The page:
Charles Manson is sick and may be dying. After a trip to the hospital and back to prison, one of America’s most famous murderers may finally be arriving at his end -- nearly 46 years after California had sentenced him to death. Apparently, Manson is too old and sick for any lifesaving surgery.
That means the state’s taxpayers may soon finally stop paying to keep him alive -- a tab that has easily already exceeded $2 million. Of course, owing to the amorphous nature of the actual costs of incarcerating a single prisoner, the total expense California has incurred for Manson may never be accurately tallied.
But the mass murderer, with at least seven killings to his credit, is likely pleased with himself for the ride he has taken the state on by living to the ripe age of 82. To cover his extended stay in prison, California has paid double the amount that it would have cost to execute Manson after his conviction. And his memory will always be with us: His picture -- often smiling if not glaring -- still stalks us from crime magazines on the supermarket shelf.
Manson is one of the most infamous murderers in history because of his role in the Tate-LaBianca slayings on two hot nights in Los Angeles in August 1969. Members of the so-called Manson “family” carried out the rampage Manson planned that took the lives of five people, including pregnant actress Sharon Tate on the first night. Then they bludgeoned and stabbed the LaBianca couple in their home the next night.
Caught, tried and convicted for these murders, Manson was sentenced to death by a California judge and jury in 1971.
But luck was on his side. In 1972 the California Supreme Court outlawed the death penalty. Instead, Manson received seven concurrent life sentences, making him eligible for parole every seven years.
Over the course of time, Manson has had 12 parole hearings, been denied his freedom all 12 times and remains in California state prison. That makes him a prime example of what happens when a murderer -- an obviously guilty one -- is not executed.
Putting aside the morality of capital punishment, there has always been an economic argument against inflicting the death penalty on someone like Manson. Opponents argue that it costs more to kill a criminal than to keep him incarcerated.
While it’s true that the initial costs of a death penalty case are higher, the exact amounts differ from study to study and state to state. An analysis by a bar association in Washington state indicated that the legal and courts costs, including providing at least two attorneys for the defendant and lengthy appeals that could go all the way to the U.S. Supreme Court, run to a little more than $1 million. The cost of an execution itself, based on a 2010 case, it adds another $100,000.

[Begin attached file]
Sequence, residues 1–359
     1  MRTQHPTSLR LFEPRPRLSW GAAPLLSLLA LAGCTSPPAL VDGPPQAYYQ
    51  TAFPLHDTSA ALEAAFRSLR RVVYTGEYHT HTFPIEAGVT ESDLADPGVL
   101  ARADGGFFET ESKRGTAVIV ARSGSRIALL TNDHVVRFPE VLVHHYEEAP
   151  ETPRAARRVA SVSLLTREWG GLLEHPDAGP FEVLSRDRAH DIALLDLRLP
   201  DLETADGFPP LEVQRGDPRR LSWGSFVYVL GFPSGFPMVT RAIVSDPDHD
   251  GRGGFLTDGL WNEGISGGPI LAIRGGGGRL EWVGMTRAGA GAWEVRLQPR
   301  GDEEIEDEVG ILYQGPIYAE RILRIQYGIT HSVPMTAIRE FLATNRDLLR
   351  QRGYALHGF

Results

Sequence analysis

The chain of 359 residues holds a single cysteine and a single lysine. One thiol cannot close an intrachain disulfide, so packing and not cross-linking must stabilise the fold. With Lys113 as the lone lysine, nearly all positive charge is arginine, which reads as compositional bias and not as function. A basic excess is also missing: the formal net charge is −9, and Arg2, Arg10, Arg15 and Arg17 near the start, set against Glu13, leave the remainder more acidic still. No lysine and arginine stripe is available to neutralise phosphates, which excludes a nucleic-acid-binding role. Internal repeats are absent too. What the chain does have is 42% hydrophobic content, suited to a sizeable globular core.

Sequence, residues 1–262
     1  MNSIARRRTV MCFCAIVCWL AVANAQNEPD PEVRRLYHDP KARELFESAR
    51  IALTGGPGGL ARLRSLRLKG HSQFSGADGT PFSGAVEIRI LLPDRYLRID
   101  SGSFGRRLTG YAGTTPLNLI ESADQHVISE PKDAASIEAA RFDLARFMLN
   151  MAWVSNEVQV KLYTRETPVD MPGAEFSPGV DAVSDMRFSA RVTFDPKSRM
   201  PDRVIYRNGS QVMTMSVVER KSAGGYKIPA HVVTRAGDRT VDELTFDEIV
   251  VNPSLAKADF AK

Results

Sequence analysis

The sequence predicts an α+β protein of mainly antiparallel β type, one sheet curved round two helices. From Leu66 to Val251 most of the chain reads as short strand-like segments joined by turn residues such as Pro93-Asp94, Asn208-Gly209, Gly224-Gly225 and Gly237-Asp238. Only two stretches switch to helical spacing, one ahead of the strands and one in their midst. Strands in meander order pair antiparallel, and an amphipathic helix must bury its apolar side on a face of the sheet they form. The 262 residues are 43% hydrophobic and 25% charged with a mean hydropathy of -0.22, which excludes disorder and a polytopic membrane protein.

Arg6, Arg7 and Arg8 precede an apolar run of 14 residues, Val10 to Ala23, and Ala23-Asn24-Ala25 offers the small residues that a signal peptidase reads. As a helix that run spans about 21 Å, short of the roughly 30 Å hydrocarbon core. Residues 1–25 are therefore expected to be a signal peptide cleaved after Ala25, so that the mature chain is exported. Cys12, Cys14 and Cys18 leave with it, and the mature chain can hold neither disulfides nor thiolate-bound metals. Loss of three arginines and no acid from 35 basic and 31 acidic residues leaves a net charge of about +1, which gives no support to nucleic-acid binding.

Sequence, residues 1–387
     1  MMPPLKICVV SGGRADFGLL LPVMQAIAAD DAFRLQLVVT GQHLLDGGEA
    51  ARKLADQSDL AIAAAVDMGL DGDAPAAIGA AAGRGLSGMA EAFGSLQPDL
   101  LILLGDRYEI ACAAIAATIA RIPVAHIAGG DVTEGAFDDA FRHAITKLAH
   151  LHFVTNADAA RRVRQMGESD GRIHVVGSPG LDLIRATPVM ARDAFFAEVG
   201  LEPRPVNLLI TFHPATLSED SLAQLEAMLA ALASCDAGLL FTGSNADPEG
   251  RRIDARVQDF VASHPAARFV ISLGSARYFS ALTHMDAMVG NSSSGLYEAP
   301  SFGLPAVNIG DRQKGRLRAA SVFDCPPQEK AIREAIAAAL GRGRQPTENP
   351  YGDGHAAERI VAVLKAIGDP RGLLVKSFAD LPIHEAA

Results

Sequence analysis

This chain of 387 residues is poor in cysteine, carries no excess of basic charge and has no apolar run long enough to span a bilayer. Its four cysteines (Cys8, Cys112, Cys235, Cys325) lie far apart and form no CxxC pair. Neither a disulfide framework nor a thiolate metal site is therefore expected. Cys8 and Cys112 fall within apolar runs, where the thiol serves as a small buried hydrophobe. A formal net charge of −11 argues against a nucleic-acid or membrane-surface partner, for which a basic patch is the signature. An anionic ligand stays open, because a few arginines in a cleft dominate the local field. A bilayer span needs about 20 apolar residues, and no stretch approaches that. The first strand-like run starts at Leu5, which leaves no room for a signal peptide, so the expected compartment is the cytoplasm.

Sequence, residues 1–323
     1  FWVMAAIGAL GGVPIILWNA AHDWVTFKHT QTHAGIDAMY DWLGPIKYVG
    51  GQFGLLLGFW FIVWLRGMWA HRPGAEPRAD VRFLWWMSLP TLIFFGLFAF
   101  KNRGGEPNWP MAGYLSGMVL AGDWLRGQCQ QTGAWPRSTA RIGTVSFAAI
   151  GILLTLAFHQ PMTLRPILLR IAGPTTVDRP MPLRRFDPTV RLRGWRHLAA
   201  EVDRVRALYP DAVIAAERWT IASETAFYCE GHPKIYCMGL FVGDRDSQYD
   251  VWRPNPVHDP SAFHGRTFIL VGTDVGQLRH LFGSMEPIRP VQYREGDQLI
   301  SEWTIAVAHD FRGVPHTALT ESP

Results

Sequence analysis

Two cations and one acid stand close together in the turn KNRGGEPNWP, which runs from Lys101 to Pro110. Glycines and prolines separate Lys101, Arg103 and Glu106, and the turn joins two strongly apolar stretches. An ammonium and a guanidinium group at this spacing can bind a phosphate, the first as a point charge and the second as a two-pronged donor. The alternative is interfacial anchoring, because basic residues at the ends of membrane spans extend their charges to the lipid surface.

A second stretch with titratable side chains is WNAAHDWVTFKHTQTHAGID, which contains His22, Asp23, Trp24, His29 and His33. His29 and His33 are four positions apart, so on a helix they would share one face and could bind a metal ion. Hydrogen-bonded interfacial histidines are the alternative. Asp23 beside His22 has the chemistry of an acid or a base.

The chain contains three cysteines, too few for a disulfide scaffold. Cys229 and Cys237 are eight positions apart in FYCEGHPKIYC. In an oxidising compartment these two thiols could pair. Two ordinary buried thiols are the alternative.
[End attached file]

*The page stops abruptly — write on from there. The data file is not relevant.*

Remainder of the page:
But having to keep Manson alive all these years has cost the state of California a good deal more. The annual cost of maintaining a prisoner was an average $39,000 in 2010, according to a Vera Institute of Justice study, when items such as correction officers’ pensions were included. Adding inflation from then to now brings it close to $42,000. And in some states like Illinois and Connecticut, costs run more than 30 percent higher.
So even if Manson had been a routine prisoner, he would have cost California taxpayers nearly $2 million. But during his life in jail, he has been far from a model inmate. Manson has committed more than 100 offenses, including assault, possession of a deadly weapon, trying to intimidate staff and having an illegal cellphone.
Even behind bars he has been described as “the most dangerous man in America,” in one story, “unshackled, unapologetic and unruly” in another. So he required constant watching. In that respect, Manson is similar to other lifers without the prospect of ever being paroled. They have nothing to lose.
How much more does this add to the cost of keeping someone like Manson alive? No one really knows, but convicts on death row, who also have nothing to lose by committing further crimes while incarcerated, cost an average of $90,000 more a year than the average inmate, according to one study.